Mr. Trump won the presidency in 2016 after making more than 100 promises. Here’s where some stand four years later and what some of his supporters think of them.
By Linda Qiu and Annie Karni
Four years ago, Donald J. Trump won the presidency after making a series of concrete promises to his supporters.
“I would repeal and replace the big lie, Obamacare,” he said during his kickoff speech. “I would build a great wall, and nobody builds walls better than me.” Unlike his 2020 campaign, which is based on vague promises of more “winning, winning, winning,” Mr. Trump’s campaign four years ago was rooted in promises of tax cuts and the appointment of judges with conservative credentials.
Has he kept the promises that helped get him here? And do his supporters care? A recent survey from New York University found that those who voted for Mr. Trump in 2016 thought he had broken fewer than one promise out of five. Those who voted for Hillary Clinton said he broke more than four out of five.
In reality, Mr. Trump has broken about half of 100 campaign promises, according to a tracker by PolitiFact. The fact-checking website does not measure intention, only verifiable outcomes. (On average, presidents break about a third of their promises.)
Supporters of Mr. Trump who spoke to The New York Times said overwhelmingly that they were pleased with how he had lived up to his pledges. Here’s a look at how he fared on some of his signature promises.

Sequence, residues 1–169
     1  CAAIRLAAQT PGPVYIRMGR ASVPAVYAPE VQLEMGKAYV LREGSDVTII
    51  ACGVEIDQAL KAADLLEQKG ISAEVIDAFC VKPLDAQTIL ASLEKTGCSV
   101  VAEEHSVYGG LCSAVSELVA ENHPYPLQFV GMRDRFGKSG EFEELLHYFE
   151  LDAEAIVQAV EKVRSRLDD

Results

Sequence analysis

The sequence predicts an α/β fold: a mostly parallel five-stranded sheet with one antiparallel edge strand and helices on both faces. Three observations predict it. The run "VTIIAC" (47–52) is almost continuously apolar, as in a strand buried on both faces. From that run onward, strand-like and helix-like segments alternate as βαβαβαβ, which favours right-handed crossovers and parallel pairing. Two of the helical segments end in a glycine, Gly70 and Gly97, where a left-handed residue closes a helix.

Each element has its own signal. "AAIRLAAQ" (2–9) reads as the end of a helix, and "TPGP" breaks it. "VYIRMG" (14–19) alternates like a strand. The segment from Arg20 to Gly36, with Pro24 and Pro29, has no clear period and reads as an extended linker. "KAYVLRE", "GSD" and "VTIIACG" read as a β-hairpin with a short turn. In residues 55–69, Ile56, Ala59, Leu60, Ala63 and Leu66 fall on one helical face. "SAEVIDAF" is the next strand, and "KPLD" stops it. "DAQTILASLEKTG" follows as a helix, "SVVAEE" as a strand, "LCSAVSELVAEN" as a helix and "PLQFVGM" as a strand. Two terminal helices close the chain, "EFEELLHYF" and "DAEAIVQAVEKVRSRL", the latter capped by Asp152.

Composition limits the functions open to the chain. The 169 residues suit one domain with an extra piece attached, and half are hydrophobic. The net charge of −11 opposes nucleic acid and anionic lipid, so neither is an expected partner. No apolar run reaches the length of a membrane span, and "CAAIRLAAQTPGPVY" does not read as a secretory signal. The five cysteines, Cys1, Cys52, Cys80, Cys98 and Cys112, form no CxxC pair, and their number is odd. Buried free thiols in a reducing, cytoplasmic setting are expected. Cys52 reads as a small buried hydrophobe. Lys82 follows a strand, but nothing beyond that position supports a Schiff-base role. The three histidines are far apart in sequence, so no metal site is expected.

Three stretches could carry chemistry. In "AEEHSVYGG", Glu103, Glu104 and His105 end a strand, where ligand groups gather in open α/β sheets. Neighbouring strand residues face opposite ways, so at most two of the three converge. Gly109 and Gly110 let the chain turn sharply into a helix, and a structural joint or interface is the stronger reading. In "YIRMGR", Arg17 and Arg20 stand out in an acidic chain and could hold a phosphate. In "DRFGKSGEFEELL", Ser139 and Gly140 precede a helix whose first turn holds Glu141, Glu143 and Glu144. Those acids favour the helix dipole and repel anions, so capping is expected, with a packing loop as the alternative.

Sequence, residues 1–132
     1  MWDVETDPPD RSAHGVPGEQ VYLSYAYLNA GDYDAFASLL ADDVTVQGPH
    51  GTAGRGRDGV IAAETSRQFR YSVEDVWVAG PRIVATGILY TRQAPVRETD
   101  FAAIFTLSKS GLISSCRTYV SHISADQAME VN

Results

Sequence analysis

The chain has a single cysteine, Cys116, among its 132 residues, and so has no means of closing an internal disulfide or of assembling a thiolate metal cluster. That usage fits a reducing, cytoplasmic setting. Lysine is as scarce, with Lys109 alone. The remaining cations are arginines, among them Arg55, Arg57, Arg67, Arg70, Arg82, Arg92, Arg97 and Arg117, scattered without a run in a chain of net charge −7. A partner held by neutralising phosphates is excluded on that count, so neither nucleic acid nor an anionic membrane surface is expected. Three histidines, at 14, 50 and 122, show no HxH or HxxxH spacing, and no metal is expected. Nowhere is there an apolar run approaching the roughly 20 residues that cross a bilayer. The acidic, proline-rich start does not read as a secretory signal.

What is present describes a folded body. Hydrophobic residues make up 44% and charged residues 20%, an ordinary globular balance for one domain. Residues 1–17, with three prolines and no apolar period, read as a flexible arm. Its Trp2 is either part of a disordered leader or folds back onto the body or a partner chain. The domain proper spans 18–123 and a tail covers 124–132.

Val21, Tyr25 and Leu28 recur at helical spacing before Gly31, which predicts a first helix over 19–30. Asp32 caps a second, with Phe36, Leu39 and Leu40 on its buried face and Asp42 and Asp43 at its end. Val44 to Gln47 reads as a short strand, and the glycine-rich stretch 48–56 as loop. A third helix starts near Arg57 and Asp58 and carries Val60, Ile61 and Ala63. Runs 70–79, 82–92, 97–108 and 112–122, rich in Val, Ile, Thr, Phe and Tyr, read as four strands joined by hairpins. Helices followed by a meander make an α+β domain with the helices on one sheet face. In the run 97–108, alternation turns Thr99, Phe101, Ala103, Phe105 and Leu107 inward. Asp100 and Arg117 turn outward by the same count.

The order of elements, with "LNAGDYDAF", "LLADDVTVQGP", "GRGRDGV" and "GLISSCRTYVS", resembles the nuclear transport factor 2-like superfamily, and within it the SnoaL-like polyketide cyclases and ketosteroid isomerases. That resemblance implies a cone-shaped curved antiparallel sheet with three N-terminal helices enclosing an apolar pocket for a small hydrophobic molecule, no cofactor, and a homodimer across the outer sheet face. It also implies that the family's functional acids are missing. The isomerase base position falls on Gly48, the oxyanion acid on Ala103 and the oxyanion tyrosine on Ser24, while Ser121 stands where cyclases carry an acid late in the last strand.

Build a Wall and Make Mexico Pay for It
Erecting a barrier along the southwestern border was the defining rallying cry of Mr. Trump’s 2016 campaign. “Build the Wall” became a chant — he promised to build 1,000 miles of border wall — and passing on the cost to Mexico was the delicious kicker.
Over the past four years, the Trump administration had constructed 371 miles of border barriers, as of Oct 16. And it is on pace to reach 400 miles next week. However, all but 16 miles of the new barriers replace or reinforce existing structures.
That has not stopped Mr. Trump from touting the wall as a mission accomplished at his campaign allies. “And by the way, Mexico is paying,” Mr. Trump said at a rally in Sanford, Fla., this month. “They hate to say it: Mexico is paying for it.”
In fact, Mexico is not paying for it.
The barriers that have been constructed along the border so far have been paid for by American taxpayers.
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